Imagine following a dapper young man with intensely styled hair off the crowded streets and up a flight of stairs, the walls papered with images of handsome men in various poses. As you ascend the stairs, the faint sound of thumping music and laughter grows louder. The images are placed in order according to the rank of the individual (No. 10, No. 9 …) all the way to the top of the stairs, where you are greeted with an enormous picture of Number One with a half-smile on his lips. The stairs open up into a stylishly designed space, full of people like yourself drinking and laughing alongside their charming hosts. You are swiftly escorted to a table and and so the dream begins.
In a previous post, I broadly covered some aspects the unique love industry born out of Japan’s disillusioned attitude towards romantic relationships. One of the things left out despite its prevalence in Tokyo were the host and hostess clubs. These clubs have had a long history in Japan, their predecessors being the establishments found in Yoshiwara back in the 17th century, Edo-era Japan’s red-light district. At that time, female companionship could be bought for varying prices depending on the woman’s rank. Was she merely a prostitute, to be displayed in the front windows of a brothel, or was she a high-ranking courtesan, performing her arts of entertainment for high prices behind closed curtains?
Of course, things are vastly different now than they were in the Edo Japan – prostitution is definitely illegal, for one thing – but the idea of paid companionship persists. As mentioned in the previous post, Japan’s dating, marriage, and birth rates are currently stuck at an all-time low. Many young people aren’t seeing the point in getting involved in any sort of romantic relationship, often because it can interfere with their success at work or school. But a lack of desire to engage in an official relationship doesn’t necessarily mean that people don’t want some sort of companionship.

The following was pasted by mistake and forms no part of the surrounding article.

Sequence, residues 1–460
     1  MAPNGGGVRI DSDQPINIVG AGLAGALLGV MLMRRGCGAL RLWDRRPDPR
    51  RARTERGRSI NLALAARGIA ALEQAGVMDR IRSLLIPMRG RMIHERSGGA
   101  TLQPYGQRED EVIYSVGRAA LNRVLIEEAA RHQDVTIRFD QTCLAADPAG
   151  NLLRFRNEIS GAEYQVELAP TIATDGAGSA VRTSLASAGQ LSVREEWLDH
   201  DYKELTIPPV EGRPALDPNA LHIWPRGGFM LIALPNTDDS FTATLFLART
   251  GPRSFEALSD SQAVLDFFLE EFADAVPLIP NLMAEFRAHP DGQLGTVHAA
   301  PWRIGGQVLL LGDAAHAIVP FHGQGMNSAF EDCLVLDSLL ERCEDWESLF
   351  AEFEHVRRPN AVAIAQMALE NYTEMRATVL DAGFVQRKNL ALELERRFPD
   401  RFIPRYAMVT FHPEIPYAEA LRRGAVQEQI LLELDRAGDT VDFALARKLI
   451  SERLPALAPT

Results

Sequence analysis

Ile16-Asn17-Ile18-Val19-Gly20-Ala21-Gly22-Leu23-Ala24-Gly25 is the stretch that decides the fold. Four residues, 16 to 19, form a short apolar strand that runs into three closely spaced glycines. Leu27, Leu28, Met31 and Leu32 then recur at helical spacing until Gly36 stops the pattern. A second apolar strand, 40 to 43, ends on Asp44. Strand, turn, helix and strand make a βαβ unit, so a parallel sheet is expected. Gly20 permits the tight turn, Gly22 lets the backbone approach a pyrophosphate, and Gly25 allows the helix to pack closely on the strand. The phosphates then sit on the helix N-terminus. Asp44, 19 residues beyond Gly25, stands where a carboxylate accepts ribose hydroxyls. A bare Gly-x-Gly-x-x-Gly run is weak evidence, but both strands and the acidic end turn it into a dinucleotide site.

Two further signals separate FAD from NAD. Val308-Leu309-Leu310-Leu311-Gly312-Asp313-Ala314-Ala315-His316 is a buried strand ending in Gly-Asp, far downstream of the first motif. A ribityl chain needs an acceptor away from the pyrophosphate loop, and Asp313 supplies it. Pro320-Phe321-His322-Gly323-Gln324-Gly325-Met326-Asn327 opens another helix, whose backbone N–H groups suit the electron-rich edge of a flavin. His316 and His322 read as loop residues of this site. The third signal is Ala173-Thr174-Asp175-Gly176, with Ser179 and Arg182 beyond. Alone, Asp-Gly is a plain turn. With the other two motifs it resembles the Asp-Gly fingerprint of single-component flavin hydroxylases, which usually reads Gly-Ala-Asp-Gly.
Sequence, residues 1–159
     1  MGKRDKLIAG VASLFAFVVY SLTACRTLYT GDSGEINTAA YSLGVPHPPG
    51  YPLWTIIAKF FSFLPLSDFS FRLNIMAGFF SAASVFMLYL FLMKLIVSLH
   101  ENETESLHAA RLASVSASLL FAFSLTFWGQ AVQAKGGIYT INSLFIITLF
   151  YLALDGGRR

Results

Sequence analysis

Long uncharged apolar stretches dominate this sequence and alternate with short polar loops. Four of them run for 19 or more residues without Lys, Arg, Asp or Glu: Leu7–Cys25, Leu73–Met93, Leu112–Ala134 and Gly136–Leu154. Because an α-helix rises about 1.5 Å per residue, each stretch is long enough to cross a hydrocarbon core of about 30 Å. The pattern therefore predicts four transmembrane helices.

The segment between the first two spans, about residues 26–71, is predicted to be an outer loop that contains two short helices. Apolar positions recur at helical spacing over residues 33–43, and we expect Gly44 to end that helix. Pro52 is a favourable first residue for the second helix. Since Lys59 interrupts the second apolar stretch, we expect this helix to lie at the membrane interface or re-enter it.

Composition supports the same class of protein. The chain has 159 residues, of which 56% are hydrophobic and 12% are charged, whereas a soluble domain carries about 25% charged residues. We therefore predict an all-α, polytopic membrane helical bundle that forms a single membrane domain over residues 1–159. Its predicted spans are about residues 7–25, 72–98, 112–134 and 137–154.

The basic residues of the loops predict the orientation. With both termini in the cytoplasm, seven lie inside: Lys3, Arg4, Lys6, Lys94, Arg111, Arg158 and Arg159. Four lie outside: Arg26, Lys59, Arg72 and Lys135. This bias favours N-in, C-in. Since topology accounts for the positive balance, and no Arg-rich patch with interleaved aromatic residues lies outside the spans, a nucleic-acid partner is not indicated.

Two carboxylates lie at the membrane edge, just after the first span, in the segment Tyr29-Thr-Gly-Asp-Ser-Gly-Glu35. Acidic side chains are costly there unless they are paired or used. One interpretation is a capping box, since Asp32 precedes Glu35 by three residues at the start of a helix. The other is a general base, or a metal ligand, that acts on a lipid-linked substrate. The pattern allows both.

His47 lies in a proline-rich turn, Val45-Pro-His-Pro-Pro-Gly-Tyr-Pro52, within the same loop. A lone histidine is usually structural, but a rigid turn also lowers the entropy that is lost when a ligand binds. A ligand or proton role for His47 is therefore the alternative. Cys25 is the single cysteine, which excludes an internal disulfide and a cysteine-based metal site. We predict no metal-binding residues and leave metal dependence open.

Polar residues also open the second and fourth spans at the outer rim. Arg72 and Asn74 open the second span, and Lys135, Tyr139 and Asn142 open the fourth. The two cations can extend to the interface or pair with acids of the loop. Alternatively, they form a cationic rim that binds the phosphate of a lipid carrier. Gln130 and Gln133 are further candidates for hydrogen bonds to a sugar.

Enter the host and hostess clubs of Japan. At these clubs, your average men and women suspend their daily lives for a night to pay for glamour and illusion. There are some differences between host and hostess clubs but in both these establishments, the workers essentially provide a boyfriend/girlfriend experience without the so-called complications of an actual relationship. They will flirt with and listen to their customers, pouring alcohol and serving snacks and generally creating a comfortable atmosphere of fun. That is, until it’s time for the bill to be paid and for the club to close. In this video by VICE that follows the life of a popular host, we can see that there are strict rules for closing and paying after all the fun is had.
The customers who enter these clubs are more than aware of what they’re getting into and most of the time they don’t expect anything beyond the evening of fantasy. They certainly know that the hosts and hostesses entertaining them aren’t exactly being genuine but this doesn’t stop the customers from trying to win their favor with money or expensive gifts. Hosts/hostesses rely on repeat business so it mostly falls on them – not the club – to establish a memorable relationship with their customers, which might mean accepting customer’s advances to build a better client base. So while the clubs’ services technically don’t extend beyond good conversation and entertainment, it’s not unheard of for a host/hostess to create such an enchanting persona that the customer tries and further the relationship beyond the club and into the bedroom.
This practice of taking a host-customer relationship to the next level is gradually growing more accepted, especially among hostesses who vie for ways to supplement their relatively high wages, as described in this The New York Times article. It’s not quite prostitution, which is prohibited, but nor is it entirely aboveground. These kinds of relationships toe the line between the open and the illicit. With increasing frequency, people in Japan are turning to these forms of companionship as opposed to actually pursuing lasting bonds, as evinced by the plummeting rates of marriage.
Another short video by VICE gives a glimpse into the commodification of the Japanese love industry, revealing that for many these developments are a positive thing. Serious relationships would simply be a bother to them at this time. When they go to a host or hostess, they’re sure that someone will be there to listen to their woes after a tough workday without interruption. After all, that’s what they’re paying for.